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What is aggression and what's not

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  • What is aggression and what's not

    This subject obviously needs to be addressed.
    AGRESSION: Despite what most people think, aggression is most dogs DOES NOT come from a
    "dominant" or "alpha" temperament. Most aggression in pet danes is a result of of a shy-timid temperament that has been indulged. Dogs who very much need & are not getting formal, even rigid, STRONG HUMAN LEADERSHIP, but instead are being indulged and pampered to the point they become uncontrollable brats. These dogs are unhappy, BTW. Unhappy as they cannot find anyone to lead them, unhappy as they do not know right from wrong, unhappy as there is no way for them to predict how their actions will be received (sometimes they are allowed to do this-or-that; other times they are not). Fearful dogs with poor human leadership bark, charge, growl, snap, howl & just generally run amok while their frustrated owners reach the end of their rope trying to cope with a huge & out of control animal.
    WHAT TO DO: *Become* your dog's leader. Not it's
    "doggie parent" or loving "mommie" but it's PACK LEADER. That is what all dogs yearn for & it makes a soft tempered Dane neurotic to have to do without clear guidance, explicit rules & real leadership. Stop excusing behavior & instead set guidelines both fair & strict. Then follow them. NO exception. NEver or always. That is a dog's world.
    HOW TO DO IT: Start early & never stop. What you want as an adult, expect from the pup. Don't think they will grow out of bad behaviour; dogs rather grow into bad habits they start as babies. Don't think that dogs "suddenly" become aggressive--they don't (unless they are neurologically defective & that is really rare). They are led slowly by their owners to think that their behaviour is acceptable & that bad behavior just gets more obvious over time, and eventually the owners are stuck with what they created--and never knew would come. Dogs left to run thru the house, rough-house with kids, who are not made to wait at the door, ask for their dinner, etc. will end up "aggressive". What owners don't know is they are TELLING the dog, BYy INDULGING IT: "You can rule here." IT is then, for a dog, only natural, to show aggression, as they dog thinks it is the leader & in charge. Leaders lead & leaders take control. If you want to control your dog, you must lead. This is NOT "your fault" so don't get guilty--get moving & get it fixed. Realize you don't "speak dog" very well, know that is the problem (typical of new owners, so normal, but the source of your troubles, so you need to change) & ONLY YOU can fix it. Realize if you don't you are going to have big problems & understand that 7:10 who have aggression problems in their dogs get rid of them--it's serious business--esp. with the over 1 million children bitten ever year, not to mention dog fights.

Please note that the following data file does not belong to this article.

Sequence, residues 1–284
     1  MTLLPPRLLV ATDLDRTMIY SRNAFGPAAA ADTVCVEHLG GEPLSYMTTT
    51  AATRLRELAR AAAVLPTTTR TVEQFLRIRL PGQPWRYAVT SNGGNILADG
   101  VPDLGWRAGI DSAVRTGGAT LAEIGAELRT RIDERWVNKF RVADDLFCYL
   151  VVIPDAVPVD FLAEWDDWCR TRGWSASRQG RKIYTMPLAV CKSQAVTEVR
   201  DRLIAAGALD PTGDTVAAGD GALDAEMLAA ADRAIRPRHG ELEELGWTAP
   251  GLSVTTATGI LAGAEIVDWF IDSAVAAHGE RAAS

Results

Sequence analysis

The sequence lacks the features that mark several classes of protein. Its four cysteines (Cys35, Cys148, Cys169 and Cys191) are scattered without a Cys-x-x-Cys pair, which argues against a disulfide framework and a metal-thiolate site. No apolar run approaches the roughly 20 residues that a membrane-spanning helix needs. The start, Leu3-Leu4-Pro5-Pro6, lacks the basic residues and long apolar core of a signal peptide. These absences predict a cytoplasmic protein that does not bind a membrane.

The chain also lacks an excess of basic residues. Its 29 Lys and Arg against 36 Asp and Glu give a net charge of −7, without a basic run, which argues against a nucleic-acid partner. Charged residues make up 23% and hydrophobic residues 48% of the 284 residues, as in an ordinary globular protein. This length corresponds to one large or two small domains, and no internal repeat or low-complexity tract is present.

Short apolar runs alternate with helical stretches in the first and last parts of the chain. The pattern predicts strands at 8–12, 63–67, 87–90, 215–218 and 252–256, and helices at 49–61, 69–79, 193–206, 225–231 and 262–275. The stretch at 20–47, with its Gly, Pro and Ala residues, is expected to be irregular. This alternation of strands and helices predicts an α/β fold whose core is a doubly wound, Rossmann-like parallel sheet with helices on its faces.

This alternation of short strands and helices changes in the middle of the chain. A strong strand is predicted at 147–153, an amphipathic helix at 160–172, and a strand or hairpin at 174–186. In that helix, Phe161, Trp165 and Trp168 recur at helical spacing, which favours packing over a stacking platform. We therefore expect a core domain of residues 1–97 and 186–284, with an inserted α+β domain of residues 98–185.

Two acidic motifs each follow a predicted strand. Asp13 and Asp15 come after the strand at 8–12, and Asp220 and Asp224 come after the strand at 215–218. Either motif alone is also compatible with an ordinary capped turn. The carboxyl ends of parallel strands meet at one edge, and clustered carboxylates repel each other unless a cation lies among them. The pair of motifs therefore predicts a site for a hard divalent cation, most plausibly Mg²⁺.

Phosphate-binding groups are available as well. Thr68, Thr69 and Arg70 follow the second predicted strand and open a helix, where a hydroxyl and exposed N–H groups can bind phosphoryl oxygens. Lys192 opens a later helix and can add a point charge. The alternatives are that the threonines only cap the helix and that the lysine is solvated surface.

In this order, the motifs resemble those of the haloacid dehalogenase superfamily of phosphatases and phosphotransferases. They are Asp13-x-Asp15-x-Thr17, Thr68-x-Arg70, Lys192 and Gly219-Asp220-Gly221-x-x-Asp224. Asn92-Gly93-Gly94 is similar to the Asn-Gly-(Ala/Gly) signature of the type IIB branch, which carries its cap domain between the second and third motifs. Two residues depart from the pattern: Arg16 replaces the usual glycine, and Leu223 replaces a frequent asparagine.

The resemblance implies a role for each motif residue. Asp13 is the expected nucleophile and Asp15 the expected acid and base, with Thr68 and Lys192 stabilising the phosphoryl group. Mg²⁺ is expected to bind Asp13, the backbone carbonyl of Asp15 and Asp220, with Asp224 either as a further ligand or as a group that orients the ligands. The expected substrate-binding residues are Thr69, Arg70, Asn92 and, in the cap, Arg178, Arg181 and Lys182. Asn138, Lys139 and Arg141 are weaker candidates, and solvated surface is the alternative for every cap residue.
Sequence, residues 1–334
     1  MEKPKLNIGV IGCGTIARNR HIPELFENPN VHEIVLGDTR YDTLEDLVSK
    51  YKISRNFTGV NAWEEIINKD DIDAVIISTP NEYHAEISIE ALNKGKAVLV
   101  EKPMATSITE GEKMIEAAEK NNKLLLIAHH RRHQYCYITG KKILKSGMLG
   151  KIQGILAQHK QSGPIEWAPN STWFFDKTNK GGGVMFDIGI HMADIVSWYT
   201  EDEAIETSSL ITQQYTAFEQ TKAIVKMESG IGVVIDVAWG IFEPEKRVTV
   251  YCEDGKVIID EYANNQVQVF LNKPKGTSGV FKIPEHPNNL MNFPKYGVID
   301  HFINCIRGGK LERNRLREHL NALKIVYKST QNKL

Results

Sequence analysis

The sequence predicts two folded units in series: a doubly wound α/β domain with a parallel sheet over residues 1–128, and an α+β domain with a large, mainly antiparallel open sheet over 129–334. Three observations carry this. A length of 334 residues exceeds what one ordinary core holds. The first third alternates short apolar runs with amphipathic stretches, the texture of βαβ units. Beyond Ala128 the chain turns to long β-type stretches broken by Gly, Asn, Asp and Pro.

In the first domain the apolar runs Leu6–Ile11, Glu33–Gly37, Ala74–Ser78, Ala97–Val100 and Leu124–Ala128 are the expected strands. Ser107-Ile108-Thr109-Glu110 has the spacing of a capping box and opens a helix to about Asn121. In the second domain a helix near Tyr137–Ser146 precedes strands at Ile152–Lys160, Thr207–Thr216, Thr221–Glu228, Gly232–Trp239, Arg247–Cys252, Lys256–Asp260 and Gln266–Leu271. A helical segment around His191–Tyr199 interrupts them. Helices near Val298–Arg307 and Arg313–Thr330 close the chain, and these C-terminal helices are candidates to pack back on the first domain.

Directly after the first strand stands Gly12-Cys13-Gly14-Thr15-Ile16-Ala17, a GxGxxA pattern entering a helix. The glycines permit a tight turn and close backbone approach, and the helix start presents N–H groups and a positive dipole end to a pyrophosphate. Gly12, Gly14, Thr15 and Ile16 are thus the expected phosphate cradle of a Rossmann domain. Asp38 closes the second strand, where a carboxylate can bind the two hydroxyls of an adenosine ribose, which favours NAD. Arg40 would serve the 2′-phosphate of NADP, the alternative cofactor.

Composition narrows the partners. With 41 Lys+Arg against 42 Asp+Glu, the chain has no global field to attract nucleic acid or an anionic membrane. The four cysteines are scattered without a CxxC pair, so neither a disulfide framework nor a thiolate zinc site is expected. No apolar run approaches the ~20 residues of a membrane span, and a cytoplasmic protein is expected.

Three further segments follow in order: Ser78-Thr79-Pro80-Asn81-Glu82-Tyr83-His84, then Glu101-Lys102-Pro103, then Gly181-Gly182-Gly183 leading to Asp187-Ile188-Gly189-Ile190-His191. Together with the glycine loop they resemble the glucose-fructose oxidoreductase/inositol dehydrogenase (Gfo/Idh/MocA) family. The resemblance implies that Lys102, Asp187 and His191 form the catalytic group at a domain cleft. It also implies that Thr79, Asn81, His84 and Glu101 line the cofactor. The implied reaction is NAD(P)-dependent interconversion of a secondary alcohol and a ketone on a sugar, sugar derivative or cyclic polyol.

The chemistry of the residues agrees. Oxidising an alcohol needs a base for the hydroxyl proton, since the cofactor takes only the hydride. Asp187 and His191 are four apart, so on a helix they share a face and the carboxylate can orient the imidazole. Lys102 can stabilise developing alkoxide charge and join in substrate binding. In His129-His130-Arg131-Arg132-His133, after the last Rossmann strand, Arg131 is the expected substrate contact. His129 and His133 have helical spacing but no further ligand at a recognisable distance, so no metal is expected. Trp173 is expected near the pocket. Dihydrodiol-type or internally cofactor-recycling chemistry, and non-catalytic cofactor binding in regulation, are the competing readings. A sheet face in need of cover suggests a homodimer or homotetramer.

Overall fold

SPECIFICALLY: #1. Go read the archives. LIZK gave some good advice, so has Carol & Carolyn even wrote out the "Boot Camp for Dogs." If you are having ANY aggression problems with your dog you need to learn to be a leader, so go read this &
    #2. Go read some trainers like Suzzane Clothier:
    www.flyingdogpress.comwho talk about how to take command of your situation & how to better "speak dog." Go read Campbell, etc. I've got a lot of the real experts listed at the bottom of my CHROMALINX:
    #3. Get yourself in a formal training class &/or hire a professional trainer for you (not your dog). *YOU* need help knowing how to train & how to interact with your dog properly--learn that & your dog's problems will usually just go away.
    #4. NEUTER & neuter young. A lot of behaviour problems in dogs, esp. males could be avoided if people would neuter before the dog reaches sexual maturity. If you neuter BY (not after) 6 mo., you can avoid what only has a 50-50 chance of getting fixed after that.
    #5. START AS YOU WOULD GO ON & BE A CONSISTENT, FAIR AND CARING LEADER. You are training your dog all the time. Think about what your actions are saying to your dog, instead of thinking about how you like or don't like his behaviour. If you convey the right message, he'll show you the right behaviour. It really *IS* as simple as that. As a wise dog-handler & policeman once told me: "You get the dog you deserve." You'll have a wonderful dog if you can concentrate on how to be a wonderful leader. Good luck to all having problems--read, think, train! regards/jpy

  • #2
    RE: What is aggression and what's not

    Thank you so much for seeing the need for people to know that most dogs that seem aggressive are not doing it out of dominance. As I think I have told you I have been assisting at a dog training facility that is generally for people that own dogs as pets and want them to be well mannered. In every class I have taught in the past few months there has been at least one "fear aggressive" dog that the owners just can't seem to see that the humanes are the ones that need to do the majority of learning and changing to get to the point where they have a dog they can trust. I tell them over and over....the dog needs to be able to trust that you(the human) are in control and then the dog will be able to relax. I hope people will read your post and take it to heart and stop denying the fact that they are responsible for changing and showing the dog they are the leader every day all the time. Thanks, Stacie


    • #3
      RE: What is aggression and what's not

      AMEN - Fandamtastic - if people would only learn how to control their dogs from the begining we wouldn't have so many behavior problems. I find that the problems are usually not with the dog but with the training and handling, or lack thereof!!!! BTW Kathy would like to print out your text above and use it in her obedience class.